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Tina Turner in concert.

October 15, 2008


At 68, the rock icon strikes an impressive physical presence in an athletic show, but her rhythmic gymnastics sometimes impair her vocals.

CONCERT REVIEW | By Ann Powers-Times Pop Music Critic

NEARLY A century before Tina Turner's current and possibly final tour, Sarah Bernhardt, the greatest actress of her time, made a similar journey. At 71, Bernhardt did not possess the remarkable health the 68-year-old Turner displayed Monday at the Staples Center. Instead of flashing two still-mighty legs for everyone to admire, Bernhardt hid one under her skirts; the other had been amputated after an infection, and she sat in a chair to deliver her soliloquies. Yet the Divine Sarah's voice and physical charisma still enraptured audiences in the U.S. and beyond, and the very fact of the tour, so seemingly defiant of mortality, added to an already considerable legend.

Turner, who Thursday returns to the Staples Center, is making her claim for eternal glory in sports arenas across the nation right now. Coaxed out of retirement by her friend Oprah Winfrey, she's put together a tribute to herself that bursts out of the gate at full speed, assaulting the audience with sounds and images from throughout Turner's 50-year career. Unlike such other backward-looking divas as Cher or even Janet Jackson, Turner remained focused on forward motion: Even as the show's elaborate set pieces dramatized highlights from her past, the singer pushed her voice and body in a performance that was all about her prowess right now.

In more than two hours onstage, Turner shimmied, strutted and did the funky chicken, wearing designer miniskirts that replaced her signature fringe with figure-flattering sequins. She was supported but never topped by four dancers probably one-third her age. She fearlessly ran down a ramp extending above the audience, flawlessly descended a staircase in stilettos and tirelessly shook her mane of a wig as she worked through the soul-rock gems in her catalog.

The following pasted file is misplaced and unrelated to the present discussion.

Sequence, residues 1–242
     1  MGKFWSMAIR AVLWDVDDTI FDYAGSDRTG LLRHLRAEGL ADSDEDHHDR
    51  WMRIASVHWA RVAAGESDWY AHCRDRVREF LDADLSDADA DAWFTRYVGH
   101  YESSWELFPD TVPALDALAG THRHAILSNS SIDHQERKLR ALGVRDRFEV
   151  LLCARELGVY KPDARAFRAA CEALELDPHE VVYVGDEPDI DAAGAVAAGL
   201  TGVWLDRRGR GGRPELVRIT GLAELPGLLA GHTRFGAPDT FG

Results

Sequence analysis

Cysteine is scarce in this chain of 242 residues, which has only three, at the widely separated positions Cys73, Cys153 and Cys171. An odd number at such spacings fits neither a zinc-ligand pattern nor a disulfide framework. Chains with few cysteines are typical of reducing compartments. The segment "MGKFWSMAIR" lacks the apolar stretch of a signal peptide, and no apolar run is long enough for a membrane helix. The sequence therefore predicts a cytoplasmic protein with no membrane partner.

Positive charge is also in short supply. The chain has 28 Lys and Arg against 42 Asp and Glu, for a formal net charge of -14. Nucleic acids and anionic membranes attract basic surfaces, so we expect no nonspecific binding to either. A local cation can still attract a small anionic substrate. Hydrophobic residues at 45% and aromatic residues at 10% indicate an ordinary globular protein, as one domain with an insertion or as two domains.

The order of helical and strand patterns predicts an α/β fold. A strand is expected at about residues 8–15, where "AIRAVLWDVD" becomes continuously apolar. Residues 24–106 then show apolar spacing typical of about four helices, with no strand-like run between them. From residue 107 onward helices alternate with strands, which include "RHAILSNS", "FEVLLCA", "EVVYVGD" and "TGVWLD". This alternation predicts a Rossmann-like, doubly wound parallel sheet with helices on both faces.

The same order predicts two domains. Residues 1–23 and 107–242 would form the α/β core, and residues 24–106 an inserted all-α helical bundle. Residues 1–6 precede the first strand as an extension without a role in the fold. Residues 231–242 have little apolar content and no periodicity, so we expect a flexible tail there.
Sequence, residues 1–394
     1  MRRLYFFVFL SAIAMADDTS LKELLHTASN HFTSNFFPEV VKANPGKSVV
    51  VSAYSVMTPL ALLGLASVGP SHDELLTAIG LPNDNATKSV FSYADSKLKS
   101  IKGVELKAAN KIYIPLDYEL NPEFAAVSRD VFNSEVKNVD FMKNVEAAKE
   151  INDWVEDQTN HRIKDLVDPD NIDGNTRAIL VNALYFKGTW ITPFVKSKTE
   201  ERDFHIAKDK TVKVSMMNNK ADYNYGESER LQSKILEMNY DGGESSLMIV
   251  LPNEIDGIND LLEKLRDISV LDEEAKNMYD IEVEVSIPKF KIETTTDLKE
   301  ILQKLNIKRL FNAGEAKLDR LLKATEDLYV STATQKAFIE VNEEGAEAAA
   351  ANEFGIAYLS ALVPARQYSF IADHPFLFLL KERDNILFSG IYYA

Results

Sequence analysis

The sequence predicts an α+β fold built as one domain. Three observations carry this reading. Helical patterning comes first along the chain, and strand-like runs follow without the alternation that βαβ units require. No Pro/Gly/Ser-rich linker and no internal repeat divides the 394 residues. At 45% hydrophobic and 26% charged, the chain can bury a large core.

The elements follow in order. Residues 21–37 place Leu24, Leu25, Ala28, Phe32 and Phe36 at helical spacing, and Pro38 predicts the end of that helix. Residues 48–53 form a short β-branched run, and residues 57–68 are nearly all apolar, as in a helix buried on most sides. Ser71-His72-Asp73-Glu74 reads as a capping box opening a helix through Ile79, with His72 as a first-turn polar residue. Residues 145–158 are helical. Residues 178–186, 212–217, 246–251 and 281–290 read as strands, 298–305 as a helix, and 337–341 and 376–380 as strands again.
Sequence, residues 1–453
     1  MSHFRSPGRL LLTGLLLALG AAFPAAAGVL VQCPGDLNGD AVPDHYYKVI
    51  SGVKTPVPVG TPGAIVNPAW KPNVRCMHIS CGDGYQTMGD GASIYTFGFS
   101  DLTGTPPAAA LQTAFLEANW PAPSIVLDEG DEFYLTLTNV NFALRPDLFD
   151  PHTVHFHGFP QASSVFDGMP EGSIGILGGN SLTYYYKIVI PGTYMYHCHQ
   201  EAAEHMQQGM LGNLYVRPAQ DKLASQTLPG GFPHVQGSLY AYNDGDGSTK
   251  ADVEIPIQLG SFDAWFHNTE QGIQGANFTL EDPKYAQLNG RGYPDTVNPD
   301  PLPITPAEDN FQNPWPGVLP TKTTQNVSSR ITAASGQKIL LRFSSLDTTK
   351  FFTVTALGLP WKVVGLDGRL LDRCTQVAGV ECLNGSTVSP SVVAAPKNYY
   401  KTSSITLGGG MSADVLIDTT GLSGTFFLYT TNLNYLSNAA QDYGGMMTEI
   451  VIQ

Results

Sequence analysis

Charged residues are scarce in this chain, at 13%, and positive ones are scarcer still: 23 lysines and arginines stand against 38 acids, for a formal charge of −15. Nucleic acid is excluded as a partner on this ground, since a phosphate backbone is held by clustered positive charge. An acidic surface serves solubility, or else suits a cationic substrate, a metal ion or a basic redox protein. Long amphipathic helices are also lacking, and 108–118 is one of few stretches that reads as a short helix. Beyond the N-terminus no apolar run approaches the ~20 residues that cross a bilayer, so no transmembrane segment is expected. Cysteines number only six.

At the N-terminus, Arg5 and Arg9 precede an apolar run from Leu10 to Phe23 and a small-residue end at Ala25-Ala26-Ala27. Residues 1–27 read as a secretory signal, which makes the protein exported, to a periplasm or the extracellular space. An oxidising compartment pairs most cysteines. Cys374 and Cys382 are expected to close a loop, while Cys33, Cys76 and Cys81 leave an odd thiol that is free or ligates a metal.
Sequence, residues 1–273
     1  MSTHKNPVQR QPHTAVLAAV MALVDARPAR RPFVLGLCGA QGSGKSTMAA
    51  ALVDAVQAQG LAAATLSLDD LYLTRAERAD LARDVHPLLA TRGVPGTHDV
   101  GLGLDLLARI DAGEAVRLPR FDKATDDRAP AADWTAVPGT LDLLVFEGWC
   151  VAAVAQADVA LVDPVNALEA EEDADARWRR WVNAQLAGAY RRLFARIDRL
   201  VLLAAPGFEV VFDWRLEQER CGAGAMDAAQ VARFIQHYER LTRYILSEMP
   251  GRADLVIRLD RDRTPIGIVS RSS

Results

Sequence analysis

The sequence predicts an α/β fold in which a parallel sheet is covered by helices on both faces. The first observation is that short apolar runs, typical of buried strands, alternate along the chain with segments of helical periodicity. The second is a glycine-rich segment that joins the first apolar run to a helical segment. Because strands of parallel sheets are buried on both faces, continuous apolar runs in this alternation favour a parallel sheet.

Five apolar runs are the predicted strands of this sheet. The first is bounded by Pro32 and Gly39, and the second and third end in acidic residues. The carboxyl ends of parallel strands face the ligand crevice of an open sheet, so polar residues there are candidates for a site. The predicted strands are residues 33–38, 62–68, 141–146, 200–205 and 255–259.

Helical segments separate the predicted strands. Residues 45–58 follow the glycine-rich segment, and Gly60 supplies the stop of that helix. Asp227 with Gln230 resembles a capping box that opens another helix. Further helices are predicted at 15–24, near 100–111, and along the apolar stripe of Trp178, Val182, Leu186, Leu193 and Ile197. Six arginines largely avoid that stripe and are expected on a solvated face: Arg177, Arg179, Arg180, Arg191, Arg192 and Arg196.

Turner's moves transcended sexual expression to become superhuman, the miraculous athleticism of a woman who's moved beyond life's stages into some other state of eternal strength.

If this sounds dramatic, don't forget that, like Bernhardt, Turner is a figure whose artistic genius is all tied up in her physicality -- and in a biography marked by physical hardship and survival. This career-spanning show never referred to her former husband, the late Ike Turner, who helped Tina establish herself artistically, only to violently abuse her. Yet the defiance and stoicism expressed in many of Turner's songs become more affecting in light of what she's endured.

If only she could still sing them with the control -- as well as the fiery power -- she had when she recorded them. Through the show's first half, Turner frequently missed notes, sometimes going utterly off key. Whenever her dance moves got tricky, it seemed, Turner's vocals suffered.

As the night wore on through renditions of 1980s power ballads, classic rock covers and her own formative soul hits, another pattern also surfaced. Turner delivered on songs with a soul or classic rock bent -- songs whose melodies are right in the pocket with percolating beats and greasy guitar riffs. Mining the bent notes and gruff intonation of soul, Turner mastered the rough but beautiful timbre that made her famous. On smoother, less sturdy songs like "Typical Male," Turner pushed too hard and ended up shrieking.

The fans delighting in Turner's presence didn't seem to care about these vocal missteps. The production offered many distractions, from two dancers pantomiming a spy movie plot during "Golden Eye," Turner's 1995 James Bond theme song, to a red-tinged re-creation of Turner's "Acid Queen" sequence from the film "Tommy" and an over-the-top homage to another of her movies, "Mad Max Beyond Thunderdome," that put Turner in a rather monstrous blond wig.

The quartet of body-shaking dancers also grabbed a lot of attention, aiming to master the fiercely sexy style Turner developed leading her 1960s troupe, the Ikettes.

The evening's undeniable highlight came when Turner set aside the spectacle, took a stool and performed a brief "unplugged" set with her band. The players, many of whom are longtime Turner collaborators, were polished without being overly slick as they dug into a soulful rearrangement of the Beatles' "Help" and a boogie-woogie take on the Ann Peebles blues tune "I Can't Stand the Rain." Turner reveled in the raucous music, finding her place within it instead of fighting against it, as she had on some previous tunes.

Images of rock stars including Mick Jagger and Eric Clapton flashed across the screen as she sang a Rolling Stones medley, reminding viewers that these geezers, not just her fellow soul queens, are her peers. Turner is the performer who taught many of those skinny English lads, as she famously says in "Proud Mary," to "do it nice and rough."

For all the flash of the production and the dazzling image of Turner's still-enticing flesh poured into those sparkling costumes, the high points came when she returned to that dirty sound. Could Bernhardt's ghost have been whispering in her ear? Turner really seemed to realize, then, that a great pair of legs can carry you far, but a great voice might truly be immortal.

ann.powers@latimes.com

 
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